There are many different poisons that can harm cats with some of the most common being antifreeze, rat poison, paracetamol, and lily plants. If your cat has potentially been poisoned move the item away from them immediately. Always call your Vet straight away and be ready to take your cat there quickly so that treatment can commence without haste. Do not try to make your cat sick as this can make things worse. If they have rolled in something such as oil or have lily pollen on their fur, put a buster collar or shirt over them so that they can’t lick and ingest the poison and try to wipe it off with a damp cloth.

Seizures

Cats can have seizures for many different reasons. If you ever see your cat having a seizure do not pick them up or put anything over the top of them. Turn off any stimulants such as TVs or Radios. Make the room dark and remove anything they may hurt themselves on. Time the seizure and contact our Veterinary team.

Heatstroke and your cat

Heatstroke is common in the summer months, particularly if your cat has managed to become trapped somewhere it is very hot, like a shed or greenhouse. If they are exposed to intense prolonged heat use tepid running water to help cool them down. Do not put any damp towels over them, keep them in a cool area, ensure they have access to plenty of water, and phone the Vet – 01753 316081.

Treating insect stings

Again, because of cats’ inquisitive nature, they often end up getting stung. If this has happened, pull (or scrape using a credit card) the sting out and apply either bicarbonate of soda to a bee sting or diluted vinegar to a wasp sting. The area may be very swollen and inflamed so apply an ice pack. If the sting is anywhere near your cat’s eyes, mouth, or throat contact our Vets as any swelling here could potentially close airways.

You will never stop cats from being adventurous and unfortunately, having accidents. Our Vet Emma recommends the best thing you can do is to be prepared – know how to apply basic first aid techniques as described above and always have our number to hand.

Call us in an emergency on 01753 316081.

Why all dog owners in Middlesex need a pet first aid kit

Preparation can mean the difference between life and death in first aid scenarios, according to our Vet, Emma Fisher. This is why the team at Travel Vet are recommending that all dog owners in Middlesex get themselves a pet first aid kit.

First though, check out our First Aid Tips for Dog Adventures – a guide to recognising conditions that need first aid and immediate veterinary care. Download it via the button below and save it on your phone. You could share it with friends & family by email or on Facebook too.

Download our Dog First Aid Guide

Whilst as owners we should aim to get our pet veterinary care as quickly as possible in an emergency, there are often scenarios where this is problematic. Imagine that your location or circumstances prevent you from getting to the clinic quickly, or your dog’s injury is life threatening and needs an interim measure to protect them before they can travel.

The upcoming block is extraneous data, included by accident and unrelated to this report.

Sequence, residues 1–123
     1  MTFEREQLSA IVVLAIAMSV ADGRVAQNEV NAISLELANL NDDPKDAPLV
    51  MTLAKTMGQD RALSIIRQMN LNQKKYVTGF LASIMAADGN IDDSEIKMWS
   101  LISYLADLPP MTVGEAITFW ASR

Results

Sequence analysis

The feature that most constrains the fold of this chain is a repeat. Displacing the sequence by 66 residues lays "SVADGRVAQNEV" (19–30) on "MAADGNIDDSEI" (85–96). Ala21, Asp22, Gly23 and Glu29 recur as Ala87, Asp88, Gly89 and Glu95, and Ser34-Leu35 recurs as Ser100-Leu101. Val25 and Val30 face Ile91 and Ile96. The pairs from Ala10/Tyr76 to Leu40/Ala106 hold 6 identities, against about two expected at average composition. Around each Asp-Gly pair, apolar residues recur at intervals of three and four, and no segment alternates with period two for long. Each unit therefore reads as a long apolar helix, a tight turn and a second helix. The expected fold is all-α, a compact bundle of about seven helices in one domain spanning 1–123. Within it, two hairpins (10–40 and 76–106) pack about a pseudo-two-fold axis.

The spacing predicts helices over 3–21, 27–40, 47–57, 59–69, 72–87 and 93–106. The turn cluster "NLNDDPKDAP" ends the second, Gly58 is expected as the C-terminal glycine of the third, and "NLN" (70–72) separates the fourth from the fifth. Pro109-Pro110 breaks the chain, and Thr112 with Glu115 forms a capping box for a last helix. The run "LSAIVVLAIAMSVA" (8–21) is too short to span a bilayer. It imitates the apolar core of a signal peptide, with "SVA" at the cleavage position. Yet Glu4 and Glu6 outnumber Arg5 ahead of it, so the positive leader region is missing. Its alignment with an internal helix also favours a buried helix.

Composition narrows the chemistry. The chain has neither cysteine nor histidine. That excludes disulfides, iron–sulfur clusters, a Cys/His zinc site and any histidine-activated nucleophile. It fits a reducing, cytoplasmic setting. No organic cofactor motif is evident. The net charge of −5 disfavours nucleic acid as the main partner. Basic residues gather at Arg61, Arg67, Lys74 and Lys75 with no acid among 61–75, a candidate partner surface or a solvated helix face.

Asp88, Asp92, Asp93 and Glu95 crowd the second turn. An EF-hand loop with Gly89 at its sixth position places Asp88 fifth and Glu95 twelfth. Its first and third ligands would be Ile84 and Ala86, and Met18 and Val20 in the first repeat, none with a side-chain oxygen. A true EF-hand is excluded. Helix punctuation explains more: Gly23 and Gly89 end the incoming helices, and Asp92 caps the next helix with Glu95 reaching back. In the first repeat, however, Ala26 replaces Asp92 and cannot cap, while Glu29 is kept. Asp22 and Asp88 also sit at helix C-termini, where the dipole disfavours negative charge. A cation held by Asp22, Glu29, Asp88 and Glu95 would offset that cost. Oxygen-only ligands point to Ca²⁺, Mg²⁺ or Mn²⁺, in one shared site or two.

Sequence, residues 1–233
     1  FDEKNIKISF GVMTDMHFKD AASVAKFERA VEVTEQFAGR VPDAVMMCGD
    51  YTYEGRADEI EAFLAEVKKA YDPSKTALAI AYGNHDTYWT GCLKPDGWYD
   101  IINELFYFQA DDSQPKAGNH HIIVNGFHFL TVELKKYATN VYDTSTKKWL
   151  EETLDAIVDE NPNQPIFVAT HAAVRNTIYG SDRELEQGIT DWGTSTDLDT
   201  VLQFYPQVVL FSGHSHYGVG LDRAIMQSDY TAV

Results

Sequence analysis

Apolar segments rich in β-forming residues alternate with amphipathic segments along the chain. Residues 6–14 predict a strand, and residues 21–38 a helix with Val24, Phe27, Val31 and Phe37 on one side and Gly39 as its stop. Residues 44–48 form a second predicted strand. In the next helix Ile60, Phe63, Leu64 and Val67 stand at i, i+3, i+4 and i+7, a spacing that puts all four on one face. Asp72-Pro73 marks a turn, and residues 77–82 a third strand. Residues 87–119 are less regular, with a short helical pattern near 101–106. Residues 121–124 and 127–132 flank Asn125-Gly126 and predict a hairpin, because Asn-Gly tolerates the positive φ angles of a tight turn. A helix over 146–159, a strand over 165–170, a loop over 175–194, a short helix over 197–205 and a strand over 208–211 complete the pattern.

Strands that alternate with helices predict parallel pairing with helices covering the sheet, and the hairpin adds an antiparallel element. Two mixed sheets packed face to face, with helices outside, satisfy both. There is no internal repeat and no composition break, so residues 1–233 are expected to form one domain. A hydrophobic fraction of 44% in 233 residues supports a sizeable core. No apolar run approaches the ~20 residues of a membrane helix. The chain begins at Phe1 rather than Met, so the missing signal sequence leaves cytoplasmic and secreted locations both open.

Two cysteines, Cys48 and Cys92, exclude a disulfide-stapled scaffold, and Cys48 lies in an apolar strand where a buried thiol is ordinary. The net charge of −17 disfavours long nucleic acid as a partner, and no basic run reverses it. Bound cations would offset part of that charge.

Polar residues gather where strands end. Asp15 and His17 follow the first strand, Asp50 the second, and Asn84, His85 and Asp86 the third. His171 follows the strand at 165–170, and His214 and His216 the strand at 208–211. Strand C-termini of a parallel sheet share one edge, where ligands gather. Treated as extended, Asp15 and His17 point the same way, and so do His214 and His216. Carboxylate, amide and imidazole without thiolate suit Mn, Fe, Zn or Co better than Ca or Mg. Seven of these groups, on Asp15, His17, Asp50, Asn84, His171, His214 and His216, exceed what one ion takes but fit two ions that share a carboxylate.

Emma advises that having a pet first aid kit to hand is crucial in being able to offer vital support when it is needed most. It also gives you piece of mind that you have the tools available to help your pet in the first instance.

Pet first aid supplies – what should your kit contain?

There are many different types of pet first aid kits. How comprehensive yours need to be will depend on what you are doing or where you are. If you are fairly local, you may carry a smaller kit compared to being on a holiday away from local amenities.

Useful pet first aid supplies include:

1.Bandages – different types (first aid courses can teach how to bandage properly)

2.Blunt-ended scissors

3.Wound wash – saline preferable

4.Cotton wool

5.Tweezers

6.Tick removal tools

7.Wound dressing

8.Self-adhesive tape

9.Vinyl gloves / alcohol gel for sanitising hands

10.Foil blanket

11.Thermometer

12.Antiseptic wipes

13.A blanket to use as a stretcher

14.Any medication your pet receives

15.Details for your local Vets – here are ours

16.Details for local vets for the area you are visiting

Having this equipment to hand means you are well prepared for the most common emergencies – download our dog first aid tips to learn what these might be.

Why some of the above items are so important

Emma explains that different types of bandages can help to stop bleeds, slow down blood loss, or protect a wound whilst transporting your pet. Tweezers can help you remove thorns or stings; never remove any big items that could be going through an artery, and use a special tick removal tool for dog ticks. Gloves and alcohol gel will help to ensure you are clean when cleaning wounds with the saline.

When it comes to blankets, Emma shares why you need two types in your pet first aid kit. Foil blankets are useful for helping to keep your pet warm and preventing shock after a trauma. Using a blanket as a stretcher is also very important for any injuries to the spine or limbs. If you can carry your pet on a stretcher, they will be more supported and comfortable then carrying them in your arms.